Critical Management Point: Soil Type

Critical Management Point: Soil Type

Transcript (with additional commentary)

Soil is its own living, dynamic ecosystem composed of mineral and organic solids, gases, liquids, and living organisms, which is capable of supporting plant growth.  There are many types of soils, with properties resulting from the integrated effects of climate and living organisms acting upon parent material, as modified by topography, over periods of time. It can take 500 years to form just one inch of topsoil!

Each soil type has different ratios of sand, silt, and clay that determine the soil texture, and impart various properties to the soil and help determine how it functions. These properties include drainage and aeration. Organic material, like roots and decaying matter, along with other factors, help determine soil structure, water and nutrient holding capacity, and how well it supports the growth of plants.

An acre of soil can hold 5-10 tons of living microorganisms.  One gram of soil can hold as many as 5-7,000 bacteria species, and more than one billion individual microbes!  The bacteria and other microorganisms are necessary to break down dead and decaying matter and turn it into usable energy by living plants.

Soil has several essential roles. Healthy soil holds more water, reducing runoff and evaporation. The productivity of all ecosystems—whether agricultural or natural–depends on soil health.  Soil minerals act as a filter, while soil microbes degrade and detoxify a variety of materials, including some industrial waste products. Nutrients are stored and cycled through the soil. Finally, soil structure provides a scaffold for plant roots, and support for our houses and roads.

In our research, the third critical control point examines the role soil plays in the fate of antibiotics, antibiotic resistant bacteria, and antibiotic resistance genes: Does the kind of soil to which you apply the manure or compost matter?

Previous studies, including research here at Virginia Tech, have shown that land application of manure can increase the persistence of some forms of antibiotics and increase antibiotic resistant bacteria and antibiotic resistance gene levels in soil, but little is known about whether composting can mitigate this effect or if soil type can buffer any impacts.

Some studies show that soil type determines whether antibiotics and genes are degraded or allowed to persist.  However, those antibiotic-soil interaction investigations have relied on adding antibiotics directly to the soil, which is generally not a good representation of the real manner in which antibiotic residues are incorporated into soil as part of manure.

In a bench scale microcosm study conducted by Dr Xia’s team, compost samples from the previous composted manure study were amended to three different soil types and incubated for 120 days. Samples were collected at specific intervals during this period and stored.

In a greenhouse study, lettuce, broccoli, and radish seedlings were grown in loam or sandy soil with four treatments: compost with antibiotics; compost without antibiotics; raw manure with antibiotics; and a control with chemical fertilizer. After growing for 3 months, soil samples were collected, examined, and analyzed.

Finally, the field study, conducted at Virginia Tech’s Urban Horticulture Center, entailed growing lettuce, and broccoli in the same loam soil as the greenhouse study, with plots for each of the same treatments.  Samples of the soil were taken from these replicate plots and analyzed.  Stormwater runoff from each plot was also collected and analyzed for sediment, indicator bacteria, and antibiotic resistance genes to determine whether these were moving downstream to other fields.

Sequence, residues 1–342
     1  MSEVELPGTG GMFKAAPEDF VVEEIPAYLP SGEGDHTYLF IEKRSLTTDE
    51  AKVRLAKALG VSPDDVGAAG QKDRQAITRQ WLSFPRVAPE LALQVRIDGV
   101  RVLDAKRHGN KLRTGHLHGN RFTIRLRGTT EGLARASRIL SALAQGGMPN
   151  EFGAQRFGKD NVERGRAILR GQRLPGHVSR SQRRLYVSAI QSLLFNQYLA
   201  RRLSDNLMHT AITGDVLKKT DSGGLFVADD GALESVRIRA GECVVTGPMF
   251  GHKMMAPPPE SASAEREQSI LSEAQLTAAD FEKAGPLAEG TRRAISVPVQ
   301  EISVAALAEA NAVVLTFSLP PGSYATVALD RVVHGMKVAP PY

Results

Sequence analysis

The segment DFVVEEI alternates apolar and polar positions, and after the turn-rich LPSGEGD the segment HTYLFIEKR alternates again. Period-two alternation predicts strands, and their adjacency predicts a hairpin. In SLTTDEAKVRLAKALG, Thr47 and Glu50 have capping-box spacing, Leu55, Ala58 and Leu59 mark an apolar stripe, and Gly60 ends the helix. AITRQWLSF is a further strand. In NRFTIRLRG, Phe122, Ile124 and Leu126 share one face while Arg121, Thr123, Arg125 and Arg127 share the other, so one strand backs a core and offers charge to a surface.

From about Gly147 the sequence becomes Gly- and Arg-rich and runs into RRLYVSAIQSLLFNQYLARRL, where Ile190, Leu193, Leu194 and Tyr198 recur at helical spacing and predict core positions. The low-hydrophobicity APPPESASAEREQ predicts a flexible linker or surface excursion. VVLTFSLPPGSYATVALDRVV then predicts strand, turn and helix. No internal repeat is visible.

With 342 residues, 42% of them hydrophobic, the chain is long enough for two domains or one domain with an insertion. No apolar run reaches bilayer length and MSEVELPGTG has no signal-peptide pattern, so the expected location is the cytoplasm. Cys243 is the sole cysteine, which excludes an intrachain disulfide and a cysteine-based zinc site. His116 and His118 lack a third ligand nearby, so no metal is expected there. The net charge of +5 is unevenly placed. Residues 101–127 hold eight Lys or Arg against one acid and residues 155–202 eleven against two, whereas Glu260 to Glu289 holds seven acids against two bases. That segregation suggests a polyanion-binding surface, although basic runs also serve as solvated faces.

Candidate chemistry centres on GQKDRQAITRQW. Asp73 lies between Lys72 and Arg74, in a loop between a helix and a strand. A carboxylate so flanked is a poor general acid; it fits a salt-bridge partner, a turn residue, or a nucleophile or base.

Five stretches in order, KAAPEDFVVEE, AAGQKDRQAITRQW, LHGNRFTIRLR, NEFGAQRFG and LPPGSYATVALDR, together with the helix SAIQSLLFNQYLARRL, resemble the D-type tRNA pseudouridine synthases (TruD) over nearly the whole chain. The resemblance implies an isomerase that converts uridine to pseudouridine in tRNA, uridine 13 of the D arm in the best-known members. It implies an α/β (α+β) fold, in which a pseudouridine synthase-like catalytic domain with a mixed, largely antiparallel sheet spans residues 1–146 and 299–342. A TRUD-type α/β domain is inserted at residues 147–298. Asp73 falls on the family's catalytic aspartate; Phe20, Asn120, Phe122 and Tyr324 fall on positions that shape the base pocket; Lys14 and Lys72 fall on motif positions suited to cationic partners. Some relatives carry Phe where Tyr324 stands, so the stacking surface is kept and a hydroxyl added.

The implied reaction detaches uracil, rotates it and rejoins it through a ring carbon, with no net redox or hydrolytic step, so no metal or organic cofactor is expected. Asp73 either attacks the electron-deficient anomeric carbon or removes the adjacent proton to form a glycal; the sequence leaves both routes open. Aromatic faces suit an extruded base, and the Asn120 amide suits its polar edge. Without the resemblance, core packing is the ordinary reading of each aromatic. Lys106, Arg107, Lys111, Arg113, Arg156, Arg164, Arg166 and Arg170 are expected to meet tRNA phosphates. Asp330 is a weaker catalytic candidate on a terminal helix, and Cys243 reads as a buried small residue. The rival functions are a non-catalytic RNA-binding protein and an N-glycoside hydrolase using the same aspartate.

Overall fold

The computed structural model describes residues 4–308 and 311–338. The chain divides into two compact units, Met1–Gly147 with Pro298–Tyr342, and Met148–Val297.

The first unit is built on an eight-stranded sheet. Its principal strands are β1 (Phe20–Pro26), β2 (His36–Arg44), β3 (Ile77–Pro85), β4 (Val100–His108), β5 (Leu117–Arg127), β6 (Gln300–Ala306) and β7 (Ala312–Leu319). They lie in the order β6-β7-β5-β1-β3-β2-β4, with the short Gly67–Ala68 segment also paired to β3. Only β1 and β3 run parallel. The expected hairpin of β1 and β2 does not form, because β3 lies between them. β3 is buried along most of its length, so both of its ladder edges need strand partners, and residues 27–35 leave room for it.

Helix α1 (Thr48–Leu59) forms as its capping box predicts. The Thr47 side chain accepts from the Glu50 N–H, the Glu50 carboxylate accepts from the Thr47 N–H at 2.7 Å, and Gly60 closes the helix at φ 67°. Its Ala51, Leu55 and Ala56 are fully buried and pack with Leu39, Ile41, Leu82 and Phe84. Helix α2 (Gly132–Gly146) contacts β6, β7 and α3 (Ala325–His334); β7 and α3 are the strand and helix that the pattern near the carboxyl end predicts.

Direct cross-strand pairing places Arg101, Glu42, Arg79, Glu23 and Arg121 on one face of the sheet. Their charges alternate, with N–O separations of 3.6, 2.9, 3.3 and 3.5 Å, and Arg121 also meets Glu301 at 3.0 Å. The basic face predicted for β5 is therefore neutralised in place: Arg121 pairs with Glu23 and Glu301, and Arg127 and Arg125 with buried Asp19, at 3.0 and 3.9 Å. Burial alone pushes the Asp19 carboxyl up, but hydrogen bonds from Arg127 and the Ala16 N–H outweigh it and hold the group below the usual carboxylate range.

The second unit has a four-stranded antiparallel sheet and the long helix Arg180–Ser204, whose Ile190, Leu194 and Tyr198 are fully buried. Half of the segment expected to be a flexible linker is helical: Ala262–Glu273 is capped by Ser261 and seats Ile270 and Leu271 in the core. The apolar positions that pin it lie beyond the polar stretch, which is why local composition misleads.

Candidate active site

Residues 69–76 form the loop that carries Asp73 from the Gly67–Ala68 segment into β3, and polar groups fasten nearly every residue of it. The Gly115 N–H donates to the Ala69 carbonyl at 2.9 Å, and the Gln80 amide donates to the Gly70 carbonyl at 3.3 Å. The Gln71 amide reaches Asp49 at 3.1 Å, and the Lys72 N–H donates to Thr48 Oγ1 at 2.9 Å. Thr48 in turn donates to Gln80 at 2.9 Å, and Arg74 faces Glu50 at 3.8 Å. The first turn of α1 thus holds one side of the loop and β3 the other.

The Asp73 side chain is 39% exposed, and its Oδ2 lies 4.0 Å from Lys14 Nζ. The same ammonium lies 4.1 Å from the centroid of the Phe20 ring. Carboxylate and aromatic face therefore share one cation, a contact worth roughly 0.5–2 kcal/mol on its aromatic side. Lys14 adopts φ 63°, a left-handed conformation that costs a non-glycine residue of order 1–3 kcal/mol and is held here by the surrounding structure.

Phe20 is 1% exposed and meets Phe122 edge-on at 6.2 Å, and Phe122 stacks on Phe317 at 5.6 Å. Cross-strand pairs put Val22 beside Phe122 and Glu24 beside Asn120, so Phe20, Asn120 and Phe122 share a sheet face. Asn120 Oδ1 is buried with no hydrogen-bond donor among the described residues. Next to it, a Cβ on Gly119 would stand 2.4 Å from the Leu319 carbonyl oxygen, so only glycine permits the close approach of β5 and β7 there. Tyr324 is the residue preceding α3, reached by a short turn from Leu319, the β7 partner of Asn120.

State-of -the-art tools were used for each of the studies to determine the fate of antibiotics, antibiotic resistant bacteria, and antibiotic resistance genes.
This study will provide guidance on whether certain soil types amended with composted manure have an effect on the transfer of antibiotic resistance.

Glossary of Terms

  • Antibiotic resistance – Antibiotic resistance is the capability of some bacteria to survive antibiotic treatments. Some bacteria are intrinsically resistant, for example an antibiotic that specifically targets Gram positive bacteria will not affect Gram negative bacteria. However, bacteria can also acquire resistance, either through mutation or through sharing of antibiotic resistance genes, in which much higher doses of the antibiotic are needed to have the desired effect.
  • Antibiotic resistance genes – Pieces of DNA carried by bacteria that encode functions that allow bacteria to survive and grow in the presence of antibiotics.
  • Antibiotic resistant bacteria – Bacteria that are not controlled or killed by an antibiotic with a spectrum that includes that type of bacteria.  An antibiotic spectrum is the range of bacteria susceptible to that drug. (CDC, Antibiotic Resistance,
  • Attenuation of antibiotic resistance genes – Reduction of the DNA encoding antibiotic resistance capabilities with time.
  • Field Study – Data collection in a natural field setting or environment.
  • Greenhouse study – Data collection in an environmentally-controlled greenhouse setting.
  • Microbial ecology – The study of microbes in the environment and their interactions with each other. Microbes are the tiniest creatures on Earth, yet despite their small size, they have a huge impact on us and on our environment.
  • Soil-A living, dynamic ecosystem composed of mineral and organic solids, gases, liquids, and living organisms, which is capable of supporting plant growth.
  • Transfer of antibiotic resistance – A complex process involving sharing of genes between bacteria that code for bacterial processes conferring resistance to the function of an antibiotic.


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